Tip! Experiment with movement in the smoke, blow it around or use a fan for different outcomes.
Editing will be very simple, as it’ll look quite good in camera. You can use an adjustment brush to pull out the details of the smoke.
Tip! You could pair this technique with a product for some original product photography.
5 — Mirror Photography
This is a brilliantly effective style! I need to do more of this, I absolutely love the results. It’s great for Instagram, youtube thumbnails, and fancy product shots! You will need:-
A black backdrop (or white would work too)
An off-camera flashgun, or a strong light
Again, a longer lens with a fast aperture will work best. And you’ll want the black backdrop as far away as you can manage. Set your objects onto the mirror, and once again we’re going to want to side light the subject so that not much light hits the black backdrop. You can side-light with either a strong, diffused light, or an off-camera flash.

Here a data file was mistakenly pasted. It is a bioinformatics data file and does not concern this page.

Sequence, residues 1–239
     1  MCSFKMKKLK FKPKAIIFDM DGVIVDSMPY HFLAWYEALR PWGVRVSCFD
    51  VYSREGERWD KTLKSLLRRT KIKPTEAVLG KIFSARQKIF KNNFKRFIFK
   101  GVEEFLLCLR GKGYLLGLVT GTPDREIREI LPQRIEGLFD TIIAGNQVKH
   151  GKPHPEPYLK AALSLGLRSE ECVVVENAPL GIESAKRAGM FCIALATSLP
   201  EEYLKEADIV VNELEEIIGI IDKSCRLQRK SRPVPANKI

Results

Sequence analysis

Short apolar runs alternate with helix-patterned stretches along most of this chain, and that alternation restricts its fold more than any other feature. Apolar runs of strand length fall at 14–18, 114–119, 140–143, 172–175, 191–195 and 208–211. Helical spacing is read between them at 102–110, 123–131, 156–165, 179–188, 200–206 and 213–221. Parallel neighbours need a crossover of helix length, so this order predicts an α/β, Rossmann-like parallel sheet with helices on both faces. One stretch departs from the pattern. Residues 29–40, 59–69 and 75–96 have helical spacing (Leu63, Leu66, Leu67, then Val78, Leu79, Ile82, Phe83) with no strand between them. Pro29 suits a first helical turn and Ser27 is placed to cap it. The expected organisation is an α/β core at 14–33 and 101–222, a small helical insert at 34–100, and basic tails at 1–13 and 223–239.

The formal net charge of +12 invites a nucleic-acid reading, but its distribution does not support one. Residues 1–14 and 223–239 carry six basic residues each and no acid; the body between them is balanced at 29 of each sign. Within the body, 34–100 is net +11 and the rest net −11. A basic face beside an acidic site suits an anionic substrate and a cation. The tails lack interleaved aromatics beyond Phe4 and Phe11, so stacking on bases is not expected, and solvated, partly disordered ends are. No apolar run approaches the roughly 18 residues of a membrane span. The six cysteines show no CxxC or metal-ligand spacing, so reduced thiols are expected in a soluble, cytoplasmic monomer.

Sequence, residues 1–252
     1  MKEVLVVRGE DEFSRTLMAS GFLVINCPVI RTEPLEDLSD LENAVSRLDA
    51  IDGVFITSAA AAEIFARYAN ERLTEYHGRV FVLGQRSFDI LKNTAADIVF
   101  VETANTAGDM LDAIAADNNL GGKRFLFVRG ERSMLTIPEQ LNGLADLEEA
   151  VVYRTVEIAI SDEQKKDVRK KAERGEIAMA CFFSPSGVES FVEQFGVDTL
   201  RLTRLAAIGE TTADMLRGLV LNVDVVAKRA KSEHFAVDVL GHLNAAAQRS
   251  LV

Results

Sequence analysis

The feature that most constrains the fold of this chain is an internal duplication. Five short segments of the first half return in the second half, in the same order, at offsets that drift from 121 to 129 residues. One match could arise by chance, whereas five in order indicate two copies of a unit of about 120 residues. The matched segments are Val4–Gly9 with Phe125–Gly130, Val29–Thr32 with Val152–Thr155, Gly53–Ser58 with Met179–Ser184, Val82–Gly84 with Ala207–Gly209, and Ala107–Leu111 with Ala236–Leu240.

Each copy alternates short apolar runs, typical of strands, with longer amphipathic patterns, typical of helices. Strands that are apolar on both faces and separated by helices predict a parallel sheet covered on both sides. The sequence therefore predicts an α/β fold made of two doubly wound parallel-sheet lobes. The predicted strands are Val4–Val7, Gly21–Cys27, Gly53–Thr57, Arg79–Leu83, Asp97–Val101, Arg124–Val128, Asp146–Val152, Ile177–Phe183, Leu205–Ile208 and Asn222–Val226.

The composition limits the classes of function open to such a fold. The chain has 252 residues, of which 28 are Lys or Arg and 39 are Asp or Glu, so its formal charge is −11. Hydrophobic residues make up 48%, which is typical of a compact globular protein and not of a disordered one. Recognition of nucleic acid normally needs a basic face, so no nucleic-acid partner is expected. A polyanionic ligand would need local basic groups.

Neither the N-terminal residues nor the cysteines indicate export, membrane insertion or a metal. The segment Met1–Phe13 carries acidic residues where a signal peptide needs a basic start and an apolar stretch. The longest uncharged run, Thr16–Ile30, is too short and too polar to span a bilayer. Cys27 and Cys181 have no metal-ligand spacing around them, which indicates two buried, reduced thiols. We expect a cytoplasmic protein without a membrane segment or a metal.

Portrait shots look especially effective with this technique, but experiment. The reflection is eye catching and will set your work apart. Great for products, or special items, or anything you can think of really!
Some light photoshopping to get rid of any dust on the mirror, or any patterns in the glass (use a plain mirror and not a mosaic one like me!)
You’re going to want to emphasise the reflection, and try to remove as much of the background as possible by making it pure black (or pure white if you went for a white backdrop).
6 — Abstract — Oil and Water
This one is a bit bonkers. I’m not really sure what you’d do with these images? But I enjoyed doing it anyway! Oil and water. You’ll need:-
Glass casserole dish with flat bottom
A larger phone or iPad
Books or similar to elevate the dish
Cooking oil or washing up liquid